Back in the late 1980s, comic book films were film studio’s kryptonite, nobody wanted to go near them after the disaster that was Howard the Duck’s live-action feature film in 1986. Its hard to imagine how such sure-fire successes comic book films have today that back then it was simply a no go. Teenage Mutant Ninja Turtles has a premise straight out of a child’s imagination; four teenage, giant turtles who have been trained in the art of Ninjutsu, who also live in the sewers under New York City and eat nothing but pizza. Long before Michael Bay produced the critically panned Teenage Mutant Ninja Turtles reboot in 2014, the heroes in a half shell started life as a comic book in 1984.
Creators Kevin Eastman and Peter Laird first published Teenage Mutant Ninja Turtles back in 1984 as a parody to popular comic book heroes at the time. Appearing first as a black and white comic that had a limited print run in New Hampshire, USA, popularity soon grew thanks to clever marketing and advertisements in comic book circles. The incredible rise to stardom started when a licensing agent contacted Eastman and Laird about merchandising options of manufacturing a line of lead figurines based on the comic. Through the success of the initial toys, Laird and Eastman approached Playmates, a small upstart toy company in California, to produce action figures to accompany the comic book.
After the rising popularity of the comic books and action figures, Laird and Eastman thought an idea of a mini-series to help promote the action figures. The animated show lead to being picked up by American cable network CBS which helped catapult the Turtles into the mainstream. The TV show, which ran from 1986 for an incredible 10 years until 1996, became a huge international success throughout this time. The popularity went through the roof in the late 1980s and early 1990s, where you couldn’t go anywhere without seeing Turtles’ lunch boxes, on cereal packets and even food tie-ins.
It was at this time that the Teenage Mutant Ninja Turtles wave of success caught the attention of producer Gary Propper, who subsequently persuaded Laird and Eastman to option the film rights. Steve Barron was bought onboard to direct, who had previously worked on successful music videos, including Billie Jean, as well as Bobby Herbeck to write the script. With all the pieces in place, all that was left to do was to find a studio to fund it. At the height of Turtle mania, that shouldn’t be such a hard task. But unfortunately due to past failures and box office flops of Howard the Duck and Masters of the Universe, practically every studio in Hollywood wouldn’t even go near the film. Nobody in the film industry thought a comic book could be turned into a live-action feature film.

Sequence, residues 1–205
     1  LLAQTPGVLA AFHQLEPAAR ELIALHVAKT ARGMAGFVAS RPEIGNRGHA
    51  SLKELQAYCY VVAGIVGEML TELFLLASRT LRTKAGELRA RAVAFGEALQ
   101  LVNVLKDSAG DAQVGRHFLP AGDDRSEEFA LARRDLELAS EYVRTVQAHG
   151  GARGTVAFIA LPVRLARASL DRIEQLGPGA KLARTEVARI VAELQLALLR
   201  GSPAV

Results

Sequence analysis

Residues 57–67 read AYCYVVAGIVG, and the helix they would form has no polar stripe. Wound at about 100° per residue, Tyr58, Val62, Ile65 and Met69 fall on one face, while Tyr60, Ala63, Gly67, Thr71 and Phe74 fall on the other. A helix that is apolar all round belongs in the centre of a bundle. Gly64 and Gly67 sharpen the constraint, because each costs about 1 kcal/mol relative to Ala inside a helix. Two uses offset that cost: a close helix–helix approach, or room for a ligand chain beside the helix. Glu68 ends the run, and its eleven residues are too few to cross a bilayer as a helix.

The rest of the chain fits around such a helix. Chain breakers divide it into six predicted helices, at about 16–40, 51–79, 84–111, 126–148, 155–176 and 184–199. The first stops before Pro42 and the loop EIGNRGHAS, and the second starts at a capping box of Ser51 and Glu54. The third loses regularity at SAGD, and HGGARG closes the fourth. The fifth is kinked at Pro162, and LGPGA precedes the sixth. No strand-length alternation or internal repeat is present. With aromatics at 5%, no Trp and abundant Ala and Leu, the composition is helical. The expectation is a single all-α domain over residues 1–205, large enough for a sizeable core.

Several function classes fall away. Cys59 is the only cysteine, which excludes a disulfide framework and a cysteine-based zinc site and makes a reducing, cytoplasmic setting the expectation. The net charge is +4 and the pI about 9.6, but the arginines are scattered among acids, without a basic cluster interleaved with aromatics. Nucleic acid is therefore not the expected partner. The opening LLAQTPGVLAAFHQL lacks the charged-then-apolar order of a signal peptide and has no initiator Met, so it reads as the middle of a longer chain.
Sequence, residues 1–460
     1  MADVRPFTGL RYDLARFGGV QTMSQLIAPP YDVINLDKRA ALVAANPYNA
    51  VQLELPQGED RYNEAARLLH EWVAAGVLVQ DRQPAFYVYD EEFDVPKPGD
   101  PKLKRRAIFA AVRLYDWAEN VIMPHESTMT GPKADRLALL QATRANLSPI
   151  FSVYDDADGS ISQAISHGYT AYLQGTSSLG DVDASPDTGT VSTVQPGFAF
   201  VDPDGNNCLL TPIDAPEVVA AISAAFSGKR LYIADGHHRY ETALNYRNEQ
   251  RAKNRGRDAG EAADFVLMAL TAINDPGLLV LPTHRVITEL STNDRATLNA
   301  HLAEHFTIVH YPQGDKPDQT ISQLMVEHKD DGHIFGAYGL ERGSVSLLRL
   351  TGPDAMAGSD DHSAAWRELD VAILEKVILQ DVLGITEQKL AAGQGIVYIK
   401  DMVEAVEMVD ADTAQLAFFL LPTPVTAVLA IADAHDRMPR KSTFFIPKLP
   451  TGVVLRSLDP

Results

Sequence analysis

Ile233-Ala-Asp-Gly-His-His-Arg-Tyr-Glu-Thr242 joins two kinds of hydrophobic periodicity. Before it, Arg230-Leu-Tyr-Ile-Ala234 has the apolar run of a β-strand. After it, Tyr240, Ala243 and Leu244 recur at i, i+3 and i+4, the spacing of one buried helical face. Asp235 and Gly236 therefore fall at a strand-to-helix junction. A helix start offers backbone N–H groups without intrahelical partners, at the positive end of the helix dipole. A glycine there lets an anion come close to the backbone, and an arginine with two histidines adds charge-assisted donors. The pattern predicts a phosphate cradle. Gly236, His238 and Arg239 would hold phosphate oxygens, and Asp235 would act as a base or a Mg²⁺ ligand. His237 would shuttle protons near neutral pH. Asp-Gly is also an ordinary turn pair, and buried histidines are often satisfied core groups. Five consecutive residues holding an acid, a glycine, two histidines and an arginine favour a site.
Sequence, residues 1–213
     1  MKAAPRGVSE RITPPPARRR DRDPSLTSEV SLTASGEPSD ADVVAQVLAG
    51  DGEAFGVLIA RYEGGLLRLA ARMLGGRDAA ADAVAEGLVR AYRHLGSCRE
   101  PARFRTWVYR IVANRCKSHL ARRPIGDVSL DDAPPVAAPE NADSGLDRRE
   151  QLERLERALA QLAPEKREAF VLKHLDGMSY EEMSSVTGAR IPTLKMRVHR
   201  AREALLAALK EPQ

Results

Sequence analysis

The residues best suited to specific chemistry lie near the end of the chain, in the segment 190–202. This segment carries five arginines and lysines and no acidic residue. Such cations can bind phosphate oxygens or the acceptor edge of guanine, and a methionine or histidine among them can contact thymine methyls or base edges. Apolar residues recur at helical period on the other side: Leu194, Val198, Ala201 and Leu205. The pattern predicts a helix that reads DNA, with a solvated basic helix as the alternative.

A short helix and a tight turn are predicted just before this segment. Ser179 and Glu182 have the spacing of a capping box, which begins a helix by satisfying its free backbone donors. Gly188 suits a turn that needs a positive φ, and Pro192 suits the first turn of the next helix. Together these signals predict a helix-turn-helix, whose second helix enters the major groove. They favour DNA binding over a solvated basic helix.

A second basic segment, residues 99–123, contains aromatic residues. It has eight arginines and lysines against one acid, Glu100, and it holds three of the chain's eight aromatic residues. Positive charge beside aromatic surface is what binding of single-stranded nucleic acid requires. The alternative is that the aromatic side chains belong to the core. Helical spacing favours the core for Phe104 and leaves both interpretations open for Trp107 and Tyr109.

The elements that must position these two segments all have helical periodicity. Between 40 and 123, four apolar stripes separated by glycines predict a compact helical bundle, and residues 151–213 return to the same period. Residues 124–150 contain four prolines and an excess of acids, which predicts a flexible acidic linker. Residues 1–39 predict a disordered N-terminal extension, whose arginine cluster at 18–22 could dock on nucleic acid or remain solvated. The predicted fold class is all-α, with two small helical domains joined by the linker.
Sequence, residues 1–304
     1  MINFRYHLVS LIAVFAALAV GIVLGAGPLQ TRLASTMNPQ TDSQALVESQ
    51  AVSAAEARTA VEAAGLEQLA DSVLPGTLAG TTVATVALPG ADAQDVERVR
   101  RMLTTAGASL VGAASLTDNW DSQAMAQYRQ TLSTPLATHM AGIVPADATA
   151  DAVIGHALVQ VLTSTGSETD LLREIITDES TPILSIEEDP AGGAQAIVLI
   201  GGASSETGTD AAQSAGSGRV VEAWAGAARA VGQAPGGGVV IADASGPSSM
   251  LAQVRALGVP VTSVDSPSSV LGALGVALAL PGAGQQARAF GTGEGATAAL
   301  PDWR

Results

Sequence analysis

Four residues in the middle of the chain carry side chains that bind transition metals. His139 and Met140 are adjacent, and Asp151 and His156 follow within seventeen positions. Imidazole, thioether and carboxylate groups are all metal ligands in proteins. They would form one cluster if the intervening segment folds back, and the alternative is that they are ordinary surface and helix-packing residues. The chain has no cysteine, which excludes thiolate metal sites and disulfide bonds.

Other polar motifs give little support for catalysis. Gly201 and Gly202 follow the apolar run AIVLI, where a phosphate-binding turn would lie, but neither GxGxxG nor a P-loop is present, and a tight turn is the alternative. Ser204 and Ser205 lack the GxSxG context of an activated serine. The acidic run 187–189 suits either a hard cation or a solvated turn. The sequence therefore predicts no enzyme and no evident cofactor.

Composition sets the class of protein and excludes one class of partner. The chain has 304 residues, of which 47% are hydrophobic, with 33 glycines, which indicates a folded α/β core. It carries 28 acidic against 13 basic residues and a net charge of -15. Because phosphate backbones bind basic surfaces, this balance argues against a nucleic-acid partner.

Having exhausted all possibilities, Propper thought maybe he could try his luck in Hong Kong with Golden Harvest, a production company that specialised in kung-fu films, noticeably Enter the Dragon and other Bruce Lee films. But the first meeting didn’t go as planned. Yet again, the proposed Turtles film fell on deaf ears until they realised they could make the film for very little money in Hong Kong. It was agreed that Golden Harvest would greenlight the production for a relatively small budget of $3million.
Then came one of the most important moves of the entire film production, the hiring of Jim Henson and his Creature Shop to design the costumes as well as manage all the required animatronics. Luckily, Steve Barron had worked with Jim Henson before so he approached the legendary man responsible for Sesame Street and the Muppet Show, to join the project. Barron managed to convince Henson to offer his services after doubts crept in due to the violent nature of the original comic books. But even after all of these hurdles, the main problem of distribution still hung over the film’s production. Without the funding behind Teenage Mutant Ninja Turtles, the project could collapse at any moment. In stepped New Line Cinema, who saved the production and at last secured distribution rights and a release.
As with any film, the hassles and trials of funding, casting and preparation, nothing ever compares to the actual production of the film. Problems with the costumes, which weighed in at 70 pounds and soon became unbearably hot inside for the actors, and at times even caused meltdowns from the actors who desperately wanted to escape the turtle costumes after every scene.
The film finally opened on 30th March 1990 to an incredible success, with kids going wild all over the country for it. Barron claimed that if the film opened to $7million then it would be considered a great success. Little did they know that the Teenage Mutant Ninja Turtles went on to smash all records and become the highest grossing indie film of all time, taking in more than $135million in just the first week.